A friend who's feeling the effects of age as he enter his 70's, and has been warned by a heart attack, asked Molly and me to write something on aging. Of course, there is so much to say. You want to encourage your fellow oldsters. You want to help them see the new ways they may need to operate, the new assumptions they need to make about this strange new stage in their living, the change and expectations they may make of themselves - particularly in physical ways.
For me, I am finding - after 45 years of leading Minnesota Boundary Water canoe trips - that the paddling alone on my summer Lake Ossipee in New Hampshire, and up my beloved Pine River, and back, has to now, at 89, be done in a slightly different way.
How differently? Slower. Just slower. Take my time. Pull hard when I can, but go for form, for a long sweep of the paddle, take rests when I get to 50 strokes, allow my breathing to come down to slow. Maybe not go all the way each day. Balance going to the bridge at Route 25 with a stopping-place, like what I call the "Beaver Pond." Their old lodges are barely discernable there, and they themselves are up-stream, having abandoned the lower river because of the plethora of pontoon and other power boats who are finding the launch basin at Route 25 their best access to the lake.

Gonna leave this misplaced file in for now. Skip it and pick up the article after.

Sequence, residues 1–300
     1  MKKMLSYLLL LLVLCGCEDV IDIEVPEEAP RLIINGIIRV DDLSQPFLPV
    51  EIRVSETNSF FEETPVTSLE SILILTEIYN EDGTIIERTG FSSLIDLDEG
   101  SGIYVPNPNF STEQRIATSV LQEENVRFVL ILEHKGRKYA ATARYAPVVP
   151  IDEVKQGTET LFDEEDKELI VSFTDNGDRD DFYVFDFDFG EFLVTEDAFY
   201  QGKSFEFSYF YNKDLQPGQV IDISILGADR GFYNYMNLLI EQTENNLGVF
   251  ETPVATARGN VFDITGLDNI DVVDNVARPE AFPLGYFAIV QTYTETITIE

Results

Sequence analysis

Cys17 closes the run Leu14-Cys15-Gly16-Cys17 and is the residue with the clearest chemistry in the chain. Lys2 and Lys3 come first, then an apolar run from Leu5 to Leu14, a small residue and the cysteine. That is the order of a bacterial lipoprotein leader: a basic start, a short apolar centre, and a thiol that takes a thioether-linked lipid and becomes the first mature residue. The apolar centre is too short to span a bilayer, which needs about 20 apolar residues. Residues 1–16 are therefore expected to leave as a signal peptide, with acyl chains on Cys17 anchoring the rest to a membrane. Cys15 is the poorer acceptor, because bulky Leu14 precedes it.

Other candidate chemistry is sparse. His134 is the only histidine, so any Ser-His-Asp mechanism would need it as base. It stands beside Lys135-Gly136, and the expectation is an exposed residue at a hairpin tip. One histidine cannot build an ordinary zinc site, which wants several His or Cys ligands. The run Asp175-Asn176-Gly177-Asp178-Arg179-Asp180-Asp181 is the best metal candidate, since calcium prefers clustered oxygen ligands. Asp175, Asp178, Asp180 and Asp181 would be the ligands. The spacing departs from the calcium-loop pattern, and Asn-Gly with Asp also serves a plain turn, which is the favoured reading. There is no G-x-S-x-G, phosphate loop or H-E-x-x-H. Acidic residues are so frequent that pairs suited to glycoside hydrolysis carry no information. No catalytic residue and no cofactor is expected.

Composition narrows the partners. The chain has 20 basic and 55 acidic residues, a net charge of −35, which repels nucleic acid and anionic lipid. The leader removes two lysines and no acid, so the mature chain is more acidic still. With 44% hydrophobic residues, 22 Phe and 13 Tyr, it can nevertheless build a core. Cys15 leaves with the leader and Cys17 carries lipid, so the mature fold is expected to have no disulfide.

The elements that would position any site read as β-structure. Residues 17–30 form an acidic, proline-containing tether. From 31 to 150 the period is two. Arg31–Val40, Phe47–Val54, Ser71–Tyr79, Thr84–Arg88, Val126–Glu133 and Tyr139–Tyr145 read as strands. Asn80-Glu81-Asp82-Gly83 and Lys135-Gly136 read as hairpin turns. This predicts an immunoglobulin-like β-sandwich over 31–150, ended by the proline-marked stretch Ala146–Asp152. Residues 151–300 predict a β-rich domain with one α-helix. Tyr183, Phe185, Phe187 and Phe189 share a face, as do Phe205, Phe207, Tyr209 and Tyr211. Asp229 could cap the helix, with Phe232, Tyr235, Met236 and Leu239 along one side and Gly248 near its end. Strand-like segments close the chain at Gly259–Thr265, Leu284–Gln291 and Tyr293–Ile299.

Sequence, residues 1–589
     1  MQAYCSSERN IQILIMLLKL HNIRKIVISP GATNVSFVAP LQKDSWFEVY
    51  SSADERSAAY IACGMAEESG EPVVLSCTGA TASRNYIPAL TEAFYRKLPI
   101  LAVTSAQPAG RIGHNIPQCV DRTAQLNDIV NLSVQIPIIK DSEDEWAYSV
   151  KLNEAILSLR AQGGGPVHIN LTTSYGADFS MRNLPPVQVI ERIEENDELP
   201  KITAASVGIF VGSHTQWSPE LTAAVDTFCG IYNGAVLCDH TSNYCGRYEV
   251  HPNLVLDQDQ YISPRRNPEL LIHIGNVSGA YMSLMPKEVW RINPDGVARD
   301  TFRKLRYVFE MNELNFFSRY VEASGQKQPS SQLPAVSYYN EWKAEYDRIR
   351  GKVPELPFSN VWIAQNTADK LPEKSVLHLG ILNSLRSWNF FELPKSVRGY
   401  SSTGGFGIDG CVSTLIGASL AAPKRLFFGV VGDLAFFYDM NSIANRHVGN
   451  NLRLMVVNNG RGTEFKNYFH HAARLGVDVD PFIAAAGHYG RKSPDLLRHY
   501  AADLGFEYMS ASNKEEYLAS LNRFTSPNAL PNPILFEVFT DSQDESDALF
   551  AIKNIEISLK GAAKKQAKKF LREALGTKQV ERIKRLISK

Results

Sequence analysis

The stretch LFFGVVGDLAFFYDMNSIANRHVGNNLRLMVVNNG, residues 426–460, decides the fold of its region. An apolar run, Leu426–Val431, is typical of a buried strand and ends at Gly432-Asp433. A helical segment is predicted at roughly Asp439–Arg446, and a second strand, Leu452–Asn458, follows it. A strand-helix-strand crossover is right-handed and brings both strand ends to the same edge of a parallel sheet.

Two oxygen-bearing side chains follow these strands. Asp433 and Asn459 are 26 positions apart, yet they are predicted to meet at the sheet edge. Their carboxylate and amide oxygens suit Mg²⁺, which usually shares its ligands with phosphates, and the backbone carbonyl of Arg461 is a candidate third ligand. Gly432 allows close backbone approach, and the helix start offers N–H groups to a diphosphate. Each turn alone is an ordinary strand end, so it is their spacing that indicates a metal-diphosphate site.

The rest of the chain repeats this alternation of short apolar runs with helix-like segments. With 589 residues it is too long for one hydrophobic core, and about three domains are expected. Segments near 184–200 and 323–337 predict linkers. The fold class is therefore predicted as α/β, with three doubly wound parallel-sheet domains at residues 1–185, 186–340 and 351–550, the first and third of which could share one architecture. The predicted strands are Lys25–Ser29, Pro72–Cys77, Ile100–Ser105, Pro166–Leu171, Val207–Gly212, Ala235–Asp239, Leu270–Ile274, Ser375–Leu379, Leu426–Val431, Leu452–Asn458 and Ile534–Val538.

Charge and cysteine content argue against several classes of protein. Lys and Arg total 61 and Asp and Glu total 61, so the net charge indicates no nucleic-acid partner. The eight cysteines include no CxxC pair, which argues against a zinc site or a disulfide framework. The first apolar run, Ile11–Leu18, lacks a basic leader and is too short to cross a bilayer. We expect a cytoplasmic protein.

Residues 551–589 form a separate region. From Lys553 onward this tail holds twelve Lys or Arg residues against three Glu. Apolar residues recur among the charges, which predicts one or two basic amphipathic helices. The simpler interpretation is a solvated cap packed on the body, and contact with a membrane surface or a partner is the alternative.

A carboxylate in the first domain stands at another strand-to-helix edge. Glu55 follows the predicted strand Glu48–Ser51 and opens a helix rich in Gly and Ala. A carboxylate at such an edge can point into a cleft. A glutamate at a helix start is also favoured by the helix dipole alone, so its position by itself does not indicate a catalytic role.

Now, I watch for flowers along the river bank, particularly the stunning red cardinal flowers that are so dramatic on their simple stocks, if you chance to find them. This is their season now, and I love discovering them, and watching for them, and treasuring the sight of them.
Early on in summer there are little white paper-like flowers in the tall grasses by the river mouth, and the purple lapin which are mixed in with them. Bee bombs are there, too, in early summer.
Now, as September comes, I look for edelweiss, and asters, and of course, golden rod. I love them all.
They make me slow a bit, in order to get a good look, and so is my journey more restful, more steady, more refreshing.
The slowing down applies to just plain walking, too, even around the house, and surely, out on our dirt road.
Of course, people are another reason for stopping to exchange a few words, whether on the river or the road. It's on the river that I begin with a yodel toward a house or two on the river bank, or even at a passing kayak or power boat. So, I accrue my "river rat" friends whom I cherish each in their own way.
Slowing down does make for more listening in such casual conversations. Every word, I find, is worth it. So often they curry care, and cheer. All part of the disciplines of old age, and bodies that can't do any longer, all that they used to do.
Arthur A Rouner, Jr -
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ARTHUR ROUNER MINISTRIES